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Becoming a True Champion Chat

Friday, July 25, 2008

Excellence in Sports: Five Questions You, The Athlete, Should Ask Yourself

What is it that truly separates the average athlete from the good or the good athlete from the great? If you answered that question with the word “talent,” I would say that that is only a small part of the equation. Muhammad Ali once said, “Champions aren't made in gyms. Champions are made from something they have deep inside them: A desire, a dream, a vision. They have to have last-minute stamina, they have to be a little faster, they have to have the skill and the will. But the will must be stronger than the skill.” Yes, skill (or development thereof) does have some basis in talent; however, the real message in that quote goes way beyond sheer talent, and even the skills of a sport (which can be learned and improved on). The key is in that last sentence, “the will must be stronger than the skill.” The power in that quote is exemplified in those last eight words.

Friday, July 18, 2008

A Deeper Meaning Behind Youth Sports Participation

Principles of Greatness: A Visual Demonstration by Profiles International

To aspire to be something more, whether in sports, music, art, school, the workplace, or life in general, is a goal that few could argue with. The difficulty comes when contemplating the depth and breadth of what this actually means.

I like to think of that “something more” from the standpoint of what we have, or are able to develop, on the inside. Those positive intrinsic attributes which set a person apart from the group, that create the ability to achieve what others only think of, that govern our life choices and aid in building strong character.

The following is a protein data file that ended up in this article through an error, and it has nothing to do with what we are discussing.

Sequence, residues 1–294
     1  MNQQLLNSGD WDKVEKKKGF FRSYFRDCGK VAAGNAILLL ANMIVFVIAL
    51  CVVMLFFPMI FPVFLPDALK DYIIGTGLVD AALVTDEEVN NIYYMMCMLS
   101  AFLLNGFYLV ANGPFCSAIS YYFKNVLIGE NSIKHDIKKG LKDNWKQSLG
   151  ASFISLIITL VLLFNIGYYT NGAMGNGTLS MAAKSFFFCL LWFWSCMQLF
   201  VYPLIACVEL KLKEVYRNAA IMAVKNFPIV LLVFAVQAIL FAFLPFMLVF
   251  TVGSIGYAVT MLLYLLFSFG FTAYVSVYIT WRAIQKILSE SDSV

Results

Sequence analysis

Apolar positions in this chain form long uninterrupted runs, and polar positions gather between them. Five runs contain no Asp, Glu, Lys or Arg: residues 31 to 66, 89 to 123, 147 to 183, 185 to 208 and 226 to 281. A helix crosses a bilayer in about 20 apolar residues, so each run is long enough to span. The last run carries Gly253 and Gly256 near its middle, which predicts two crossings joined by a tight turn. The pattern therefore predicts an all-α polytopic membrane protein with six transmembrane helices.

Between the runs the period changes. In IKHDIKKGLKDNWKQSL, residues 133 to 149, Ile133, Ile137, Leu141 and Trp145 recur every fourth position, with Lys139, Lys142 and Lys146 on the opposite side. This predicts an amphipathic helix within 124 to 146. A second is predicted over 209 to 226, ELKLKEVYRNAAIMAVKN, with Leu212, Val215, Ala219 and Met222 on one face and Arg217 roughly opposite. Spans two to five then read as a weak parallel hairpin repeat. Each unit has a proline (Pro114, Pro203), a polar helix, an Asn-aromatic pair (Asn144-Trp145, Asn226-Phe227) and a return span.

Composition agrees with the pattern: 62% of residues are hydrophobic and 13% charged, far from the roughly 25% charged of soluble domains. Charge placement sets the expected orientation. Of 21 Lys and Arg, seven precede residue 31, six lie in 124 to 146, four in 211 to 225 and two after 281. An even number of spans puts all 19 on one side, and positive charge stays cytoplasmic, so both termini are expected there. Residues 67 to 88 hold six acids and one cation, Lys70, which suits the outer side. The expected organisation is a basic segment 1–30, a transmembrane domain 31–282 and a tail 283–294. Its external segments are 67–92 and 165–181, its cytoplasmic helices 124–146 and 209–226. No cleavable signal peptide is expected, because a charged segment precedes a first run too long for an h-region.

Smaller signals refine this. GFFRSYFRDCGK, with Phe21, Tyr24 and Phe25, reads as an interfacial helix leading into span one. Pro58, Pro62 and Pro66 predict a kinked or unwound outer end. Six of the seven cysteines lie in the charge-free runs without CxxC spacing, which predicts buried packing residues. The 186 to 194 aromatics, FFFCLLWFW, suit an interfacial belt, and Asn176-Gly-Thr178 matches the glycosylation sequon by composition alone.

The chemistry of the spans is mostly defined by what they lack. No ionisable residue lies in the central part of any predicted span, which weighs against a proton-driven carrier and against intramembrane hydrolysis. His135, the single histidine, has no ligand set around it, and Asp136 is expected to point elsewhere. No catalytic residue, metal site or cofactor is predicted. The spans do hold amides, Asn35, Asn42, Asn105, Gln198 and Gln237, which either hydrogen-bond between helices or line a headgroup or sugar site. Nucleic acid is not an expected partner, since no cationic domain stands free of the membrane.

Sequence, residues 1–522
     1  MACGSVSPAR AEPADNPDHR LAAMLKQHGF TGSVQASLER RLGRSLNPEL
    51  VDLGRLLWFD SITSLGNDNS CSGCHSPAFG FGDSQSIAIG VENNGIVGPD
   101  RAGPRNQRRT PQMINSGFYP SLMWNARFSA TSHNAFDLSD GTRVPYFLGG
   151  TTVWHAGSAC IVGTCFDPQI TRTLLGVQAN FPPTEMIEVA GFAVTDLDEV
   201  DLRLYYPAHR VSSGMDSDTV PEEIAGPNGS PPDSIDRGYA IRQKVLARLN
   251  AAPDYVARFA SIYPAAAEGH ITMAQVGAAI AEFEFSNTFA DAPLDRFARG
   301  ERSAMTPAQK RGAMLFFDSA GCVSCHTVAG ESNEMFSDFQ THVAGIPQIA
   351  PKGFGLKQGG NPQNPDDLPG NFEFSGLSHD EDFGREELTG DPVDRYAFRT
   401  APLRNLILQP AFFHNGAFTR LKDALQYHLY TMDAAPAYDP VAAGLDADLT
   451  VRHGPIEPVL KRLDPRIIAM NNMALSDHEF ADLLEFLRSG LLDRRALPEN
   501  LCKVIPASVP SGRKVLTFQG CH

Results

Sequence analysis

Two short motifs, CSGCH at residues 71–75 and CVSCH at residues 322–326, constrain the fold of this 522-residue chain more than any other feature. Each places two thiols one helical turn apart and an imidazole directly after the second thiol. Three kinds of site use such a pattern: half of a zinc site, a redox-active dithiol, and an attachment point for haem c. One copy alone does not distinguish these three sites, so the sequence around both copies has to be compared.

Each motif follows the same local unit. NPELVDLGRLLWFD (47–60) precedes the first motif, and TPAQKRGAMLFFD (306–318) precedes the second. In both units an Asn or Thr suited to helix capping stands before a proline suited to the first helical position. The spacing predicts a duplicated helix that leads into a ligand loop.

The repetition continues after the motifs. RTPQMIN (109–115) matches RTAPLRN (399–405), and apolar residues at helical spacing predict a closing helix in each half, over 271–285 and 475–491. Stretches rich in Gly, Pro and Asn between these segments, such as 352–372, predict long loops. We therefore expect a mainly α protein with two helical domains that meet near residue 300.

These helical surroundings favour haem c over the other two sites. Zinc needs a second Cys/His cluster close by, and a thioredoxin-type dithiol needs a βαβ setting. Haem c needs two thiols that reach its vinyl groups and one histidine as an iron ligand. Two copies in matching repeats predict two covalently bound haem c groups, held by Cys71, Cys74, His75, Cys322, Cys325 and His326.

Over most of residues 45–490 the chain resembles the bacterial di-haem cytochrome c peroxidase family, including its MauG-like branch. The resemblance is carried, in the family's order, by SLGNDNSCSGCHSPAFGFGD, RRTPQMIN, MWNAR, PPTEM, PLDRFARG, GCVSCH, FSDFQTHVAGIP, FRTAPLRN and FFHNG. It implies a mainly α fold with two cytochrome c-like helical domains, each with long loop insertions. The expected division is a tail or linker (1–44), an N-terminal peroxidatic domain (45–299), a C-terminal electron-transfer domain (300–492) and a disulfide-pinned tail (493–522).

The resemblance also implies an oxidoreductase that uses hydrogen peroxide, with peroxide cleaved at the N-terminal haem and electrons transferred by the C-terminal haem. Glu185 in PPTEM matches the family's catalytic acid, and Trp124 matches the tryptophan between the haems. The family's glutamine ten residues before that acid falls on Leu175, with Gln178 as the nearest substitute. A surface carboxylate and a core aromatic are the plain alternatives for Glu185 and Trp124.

Thursday, July 10, 2008

Personal Ownership and Responsibility for Creating Athletic Success: Part 2

In an effort to further demonstrate this idea of Personal Ownership and Responsibility in Creating Athletic Success let me also relay to you a true event that occurred while watching my own kid play soccer on their high school team. It is customary for me to sit fairly quietly during games and just watch, giving only positive support when good shots, passes, or plays take place.

Wednesday, July 02, 2008

Personal Ownership and Responsibility for Creating Athletic Success: Part 1

In order to best explain what I mean by the individual athlete taking personal ownership and responsibility for creating athletic success, let me develop an analogy that might help demonstrate this concept and the choices/options that go along with it.

Let’s say that a female athlete wants to become a very good volleyball player. She loves playing the game and has a real passion for the sport, along with some good athletic talent. However, the coach and program at her high school is not on par with the level of play this athlete wants to achieve. In fact, very little time is spent at practice on drills and situational play that focus on improving the base fundamentals and individual skills of the game (something all athletes at all levels need to continually and consistently work and improve on). The majority of practice is spent scrimmaging and playing various team games. Fun, yes, important, yes (at times), but without the right balance of fundamental skill work throughout the season, not very developmental.


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